Wonder Woman #25

WONDER WOMAN #25 Review: The Perfect Truth

Of all the DC Rebirth titles, Greg Rucka’s WONDER WOMAN is the only one to play out as a full story. Over the past year, Rucka’s four-part storyline has featured a beginning, a middle, and now, with the release of WONDER WOMAN #25, an ending. The double-sized 25th issue ends Rucka’s superb run on the book. It spectacularly concludes the story that began with Diana uncovering a terrible lie in WONDER WOMAN REBIRTH #1. WONDER WOMAN #25 sees Diana finally coming to terms with that falsehood and uncovering a deeper truth about herself. It’s a truth that was right in front of her all along.  This truth reaffirms the deepest nature of who Diana of Themyscira really is and paves the way for a new journey ahead.Wonder Woman #25

WONDER WOMAN #25 begins with a departure from Diana’s solo exploits as we’re dropped right in the middle of a Justice League mission. After Wonder Woman dispatches their opponent with an unusual amount of aggression, Batman and Superman quickly notice something’s wrong with her — and that her Lasso of Truth is missing. We catch up with a few other members of Diana’s squad, as well as the devious Veronica Cale, who’s busy amassing a team of lawyers to defend against her “Godwatch” exploits. After a brief confrontation with Veronica, Wonder Woman flies off to meet with Batman and Superman. They understand her better than any other members of the League. She tells them of her Gods’ deception, and Superman offers her some simple advice — talk to them. So Diana seeks out her Patrons for some well-deserved answers — hoping to get them in time for dinner with Steve Trevor.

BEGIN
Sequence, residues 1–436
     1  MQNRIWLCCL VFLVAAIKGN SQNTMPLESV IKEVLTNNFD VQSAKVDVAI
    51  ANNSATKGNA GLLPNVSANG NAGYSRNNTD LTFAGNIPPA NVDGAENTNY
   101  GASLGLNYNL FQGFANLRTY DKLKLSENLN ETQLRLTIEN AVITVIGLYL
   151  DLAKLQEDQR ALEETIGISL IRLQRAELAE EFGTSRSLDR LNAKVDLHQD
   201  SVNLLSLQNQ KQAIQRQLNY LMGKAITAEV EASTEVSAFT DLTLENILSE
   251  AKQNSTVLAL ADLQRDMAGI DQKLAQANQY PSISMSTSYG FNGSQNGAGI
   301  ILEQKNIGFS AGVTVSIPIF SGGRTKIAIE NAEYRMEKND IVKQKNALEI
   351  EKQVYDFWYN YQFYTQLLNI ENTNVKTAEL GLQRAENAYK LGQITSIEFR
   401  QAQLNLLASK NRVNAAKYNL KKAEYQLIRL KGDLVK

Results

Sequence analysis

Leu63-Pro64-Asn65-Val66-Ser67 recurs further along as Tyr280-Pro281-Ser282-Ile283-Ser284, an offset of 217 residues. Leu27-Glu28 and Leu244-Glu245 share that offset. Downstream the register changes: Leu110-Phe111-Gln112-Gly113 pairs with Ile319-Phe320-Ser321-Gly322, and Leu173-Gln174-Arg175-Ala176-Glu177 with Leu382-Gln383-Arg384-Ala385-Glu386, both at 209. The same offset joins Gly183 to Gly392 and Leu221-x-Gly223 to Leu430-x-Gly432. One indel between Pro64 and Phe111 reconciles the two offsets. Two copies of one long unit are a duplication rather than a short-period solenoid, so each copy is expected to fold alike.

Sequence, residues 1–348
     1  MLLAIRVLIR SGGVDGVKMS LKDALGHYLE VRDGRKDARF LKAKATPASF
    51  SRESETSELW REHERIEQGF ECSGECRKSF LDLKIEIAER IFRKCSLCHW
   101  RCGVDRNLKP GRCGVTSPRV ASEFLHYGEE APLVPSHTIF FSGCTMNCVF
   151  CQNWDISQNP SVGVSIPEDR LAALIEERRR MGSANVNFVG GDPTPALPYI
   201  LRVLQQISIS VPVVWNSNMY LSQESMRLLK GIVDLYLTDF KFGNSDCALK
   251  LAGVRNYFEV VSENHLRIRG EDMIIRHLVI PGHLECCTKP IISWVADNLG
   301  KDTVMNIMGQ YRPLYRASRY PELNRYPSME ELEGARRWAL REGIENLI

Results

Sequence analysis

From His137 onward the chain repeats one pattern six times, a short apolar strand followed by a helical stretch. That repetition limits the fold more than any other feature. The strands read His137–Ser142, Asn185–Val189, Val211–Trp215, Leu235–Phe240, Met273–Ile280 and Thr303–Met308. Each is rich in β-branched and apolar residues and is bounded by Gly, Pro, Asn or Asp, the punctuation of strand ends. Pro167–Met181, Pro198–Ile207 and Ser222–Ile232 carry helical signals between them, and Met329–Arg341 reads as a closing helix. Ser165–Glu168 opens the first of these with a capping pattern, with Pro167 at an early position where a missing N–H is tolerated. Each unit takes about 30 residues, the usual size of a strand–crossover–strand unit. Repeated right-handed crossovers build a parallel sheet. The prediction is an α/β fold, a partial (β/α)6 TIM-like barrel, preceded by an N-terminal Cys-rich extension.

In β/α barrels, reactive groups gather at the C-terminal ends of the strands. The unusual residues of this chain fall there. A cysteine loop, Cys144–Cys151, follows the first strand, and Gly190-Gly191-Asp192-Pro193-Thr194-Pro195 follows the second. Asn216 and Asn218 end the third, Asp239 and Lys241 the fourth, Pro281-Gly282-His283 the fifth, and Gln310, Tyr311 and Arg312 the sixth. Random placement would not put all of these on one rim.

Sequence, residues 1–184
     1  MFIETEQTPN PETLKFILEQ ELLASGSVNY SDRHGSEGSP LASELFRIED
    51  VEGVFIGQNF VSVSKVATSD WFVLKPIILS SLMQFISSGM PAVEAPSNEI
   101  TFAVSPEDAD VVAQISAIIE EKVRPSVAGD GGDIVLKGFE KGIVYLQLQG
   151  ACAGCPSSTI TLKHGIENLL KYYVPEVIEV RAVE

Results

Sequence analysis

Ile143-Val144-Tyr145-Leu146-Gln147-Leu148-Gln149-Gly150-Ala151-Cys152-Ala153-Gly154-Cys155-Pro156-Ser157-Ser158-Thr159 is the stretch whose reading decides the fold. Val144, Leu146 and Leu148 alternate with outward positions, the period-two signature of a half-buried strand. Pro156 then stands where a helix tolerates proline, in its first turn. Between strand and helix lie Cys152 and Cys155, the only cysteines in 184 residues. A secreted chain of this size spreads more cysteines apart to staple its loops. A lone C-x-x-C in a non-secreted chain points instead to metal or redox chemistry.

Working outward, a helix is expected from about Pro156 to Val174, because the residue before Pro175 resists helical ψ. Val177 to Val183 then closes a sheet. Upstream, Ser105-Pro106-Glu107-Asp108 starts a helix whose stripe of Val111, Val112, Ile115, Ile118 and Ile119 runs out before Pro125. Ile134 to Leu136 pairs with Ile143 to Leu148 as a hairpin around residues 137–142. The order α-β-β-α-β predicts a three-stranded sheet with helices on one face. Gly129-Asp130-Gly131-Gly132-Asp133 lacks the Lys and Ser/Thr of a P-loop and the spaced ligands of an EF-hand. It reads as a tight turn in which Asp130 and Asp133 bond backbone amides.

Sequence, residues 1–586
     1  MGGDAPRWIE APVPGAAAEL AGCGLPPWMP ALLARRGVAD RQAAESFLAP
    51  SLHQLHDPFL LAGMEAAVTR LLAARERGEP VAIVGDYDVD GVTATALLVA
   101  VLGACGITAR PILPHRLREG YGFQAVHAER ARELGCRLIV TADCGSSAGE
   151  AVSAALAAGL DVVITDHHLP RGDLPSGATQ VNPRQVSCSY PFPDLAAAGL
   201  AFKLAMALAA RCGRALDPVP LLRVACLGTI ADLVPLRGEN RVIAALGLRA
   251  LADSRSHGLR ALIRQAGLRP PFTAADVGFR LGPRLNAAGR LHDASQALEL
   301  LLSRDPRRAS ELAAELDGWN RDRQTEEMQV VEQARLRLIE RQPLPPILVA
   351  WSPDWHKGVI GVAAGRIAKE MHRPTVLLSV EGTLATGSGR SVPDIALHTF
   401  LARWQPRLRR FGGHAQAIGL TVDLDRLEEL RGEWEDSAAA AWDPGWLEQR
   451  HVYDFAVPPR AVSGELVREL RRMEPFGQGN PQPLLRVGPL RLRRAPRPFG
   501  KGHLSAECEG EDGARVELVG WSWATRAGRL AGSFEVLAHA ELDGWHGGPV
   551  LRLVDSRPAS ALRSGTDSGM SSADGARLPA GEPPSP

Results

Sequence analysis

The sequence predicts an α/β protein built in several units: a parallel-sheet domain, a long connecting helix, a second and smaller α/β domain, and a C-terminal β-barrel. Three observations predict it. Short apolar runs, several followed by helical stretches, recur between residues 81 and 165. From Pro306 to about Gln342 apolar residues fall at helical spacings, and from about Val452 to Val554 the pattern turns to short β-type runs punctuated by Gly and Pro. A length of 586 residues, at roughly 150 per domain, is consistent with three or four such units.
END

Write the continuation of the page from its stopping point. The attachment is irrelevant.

WONDER WOMAN #25: A Poignant Conversation

After all the epic time-jumping dual storylines of the past year, Greg Rucka’s epilogue is surprisingly quiet and poignant. There’s only one brief moment of action at the very beginning. The rest of the comic proceeds as a series of quiet, introspective conversations. That’s exactly what makes WONDER WOMAN #25 one of Rucka’s finest offerings to date. There is so much purpose and meaningful deliberation held in each of these conversations.

When Diana confronts Veronica, asking her to turn Cheetah back in Dr. Minerva, Veronica refuses. The resulting anger and resentment between them is both spoken and unspoken. This acknowledges the vast despair they both experienced when they lost their loved ones to Themyscira. When Diana speaks to Steve on the phone, telling him she doesn’t know when she’ll be back, there’s so much unspoken love between them. This is demonstrated largely through the sight of the large dinner Steve’s prepared for her.

READ: Batman, Superman, and Wonder Woman met for the first time in WONDER WOMAN ANNUAL #1 — find our review here!

This is where Liam Sharp’s art comes in, complementing Rucka’s pensive narrative with expressive panels. These panels are so fluid they almost convey motion. As Steve paces from the beautiful sunset outside to the dark and shadowy living room, we see how lonely that house has become. A dinner for two is suddenly a dinner for one. Rucka conveys so much through simple facial expressions and breaks between panels that wonderfully convey the passage of time.

After Diana and Veronica’s brief fight, the two simply look silently at each other. As Wonder Woman prepares to take flight, she glances back at Veronica one last time. Veronica glances away, but sullenly returns the look once Diana has lifted off. It’s very hard to convey the order of this kind of look-avoid exchange without the use of a camera. Yet Sharp does it fluidly through the use of a few dynamically arranged comic panels. With Sharp, these characters seem to move and emote like living, breathing people.

WONDER WOMAN #25: Trinity of Justice